I had a conversation with my mother recently. She told me a story that she had heard through a friend about some distant or not so distant family member. Unfortunately I cannot remember all of the specifics of the story, so bear with me. I also have no means of verifying its accuracy, so I use it as a way to discuss a point, not necessarily as a historical account.
The story took place in a Nazi occupied country during the Holocaust. A Christian family was hiding a Jewish family in their basement. The Nazis came knocking, as they often did, as asked if the family was hiding anyone. At this point, the family was torn. If they told the truth, the people they were hiding would be killed, but if they said “No”, they would be lying, and as Christians believed that lying was a sin. They told the truth. According to the story, the Nazis were so shocked by their response that they laughed it off, did not believe the Christians, and assumed that there must have been some sort of trap. The Nazis left and the Jewish family was safe. After finishing this story, my mother said, “I can't understand how some people can hear a story like that and not see god.” To which I'm sure you can guess my response.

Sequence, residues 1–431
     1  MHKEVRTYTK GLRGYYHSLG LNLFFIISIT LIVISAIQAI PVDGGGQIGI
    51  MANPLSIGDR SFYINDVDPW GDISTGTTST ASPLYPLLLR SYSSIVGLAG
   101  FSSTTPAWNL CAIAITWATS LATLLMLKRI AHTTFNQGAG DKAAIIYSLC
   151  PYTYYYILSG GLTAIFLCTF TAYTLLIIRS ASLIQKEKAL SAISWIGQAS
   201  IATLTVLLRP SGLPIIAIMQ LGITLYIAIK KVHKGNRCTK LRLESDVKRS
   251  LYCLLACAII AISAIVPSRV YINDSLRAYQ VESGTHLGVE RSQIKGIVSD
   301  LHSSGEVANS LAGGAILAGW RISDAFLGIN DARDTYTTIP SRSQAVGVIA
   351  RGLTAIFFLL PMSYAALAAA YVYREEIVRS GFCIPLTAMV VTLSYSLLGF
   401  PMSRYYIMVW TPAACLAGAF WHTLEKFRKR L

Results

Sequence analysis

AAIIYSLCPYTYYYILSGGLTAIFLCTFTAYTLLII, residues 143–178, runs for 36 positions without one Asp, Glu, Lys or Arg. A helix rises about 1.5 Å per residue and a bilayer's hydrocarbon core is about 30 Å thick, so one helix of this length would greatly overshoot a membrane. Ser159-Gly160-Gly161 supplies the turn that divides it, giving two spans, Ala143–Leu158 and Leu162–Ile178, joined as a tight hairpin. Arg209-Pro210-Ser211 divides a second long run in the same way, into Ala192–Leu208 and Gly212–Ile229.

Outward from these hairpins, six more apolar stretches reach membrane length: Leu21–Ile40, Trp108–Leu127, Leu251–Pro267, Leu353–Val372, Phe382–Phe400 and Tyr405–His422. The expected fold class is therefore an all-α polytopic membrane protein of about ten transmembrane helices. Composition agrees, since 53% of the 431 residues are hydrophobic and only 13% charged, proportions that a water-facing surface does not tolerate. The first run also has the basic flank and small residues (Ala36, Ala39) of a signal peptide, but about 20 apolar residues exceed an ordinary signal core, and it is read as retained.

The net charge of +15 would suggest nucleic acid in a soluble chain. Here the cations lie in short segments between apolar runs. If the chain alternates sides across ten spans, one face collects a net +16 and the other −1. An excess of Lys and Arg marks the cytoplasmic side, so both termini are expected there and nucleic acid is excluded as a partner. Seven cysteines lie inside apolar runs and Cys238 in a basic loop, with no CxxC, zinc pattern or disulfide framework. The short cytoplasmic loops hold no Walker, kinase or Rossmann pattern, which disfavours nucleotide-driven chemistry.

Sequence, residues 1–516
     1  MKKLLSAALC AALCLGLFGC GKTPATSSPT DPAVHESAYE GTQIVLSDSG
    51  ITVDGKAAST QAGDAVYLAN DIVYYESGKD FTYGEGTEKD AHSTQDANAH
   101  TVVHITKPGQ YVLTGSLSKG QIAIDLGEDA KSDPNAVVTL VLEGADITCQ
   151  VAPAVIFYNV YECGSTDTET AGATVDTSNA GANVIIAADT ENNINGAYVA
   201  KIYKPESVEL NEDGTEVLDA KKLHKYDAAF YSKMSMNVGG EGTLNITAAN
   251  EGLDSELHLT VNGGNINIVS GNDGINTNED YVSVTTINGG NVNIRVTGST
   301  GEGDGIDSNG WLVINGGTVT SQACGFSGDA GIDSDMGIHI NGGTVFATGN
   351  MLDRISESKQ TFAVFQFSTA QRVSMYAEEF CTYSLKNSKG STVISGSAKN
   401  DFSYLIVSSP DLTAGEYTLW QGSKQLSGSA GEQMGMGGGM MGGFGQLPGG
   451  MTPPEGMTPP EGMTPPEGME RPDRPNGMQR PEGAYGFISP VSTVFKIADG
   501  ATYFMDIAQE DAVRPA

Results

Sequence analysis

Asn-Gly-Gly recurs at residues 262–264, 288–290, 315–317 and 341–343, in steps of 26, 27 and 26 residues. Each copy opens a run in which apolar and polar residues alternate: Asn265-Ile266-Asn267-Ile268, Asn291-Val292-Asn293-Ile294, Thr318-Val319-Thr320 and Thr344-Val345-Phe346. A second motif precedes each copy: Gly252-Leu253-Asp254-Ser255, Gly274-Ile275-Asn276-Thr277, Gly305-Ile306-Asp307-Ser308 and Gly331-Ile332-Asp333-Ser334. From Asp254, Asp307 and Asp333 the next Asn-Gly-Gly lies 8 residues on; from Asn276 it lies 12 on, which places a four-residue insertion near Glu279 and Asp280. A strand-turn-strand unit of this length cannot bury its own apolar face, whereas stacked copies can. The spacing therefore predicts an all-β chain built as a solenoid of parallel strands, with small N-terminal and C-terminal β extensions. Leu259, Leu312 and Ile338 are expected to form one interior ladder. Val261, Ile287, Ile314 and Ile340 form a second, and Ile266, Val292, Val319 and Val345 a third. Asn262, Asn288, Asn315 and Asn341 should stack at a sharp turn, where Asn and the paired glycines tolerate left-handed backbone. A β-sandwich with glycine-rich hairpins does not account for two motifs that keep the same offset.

Now, I hear you. This story does not seem plausible, if only for the fact that I cannot imagine the Nazis leaving with everyone unharmed if they honestly believed there was a setup. However, not having studied enough about the subject, for all I know that was a common scenario, so let's disregard any glaring unlikelihoods. Let us focus instead on the actions of the Christians in the story and my mother's response to it.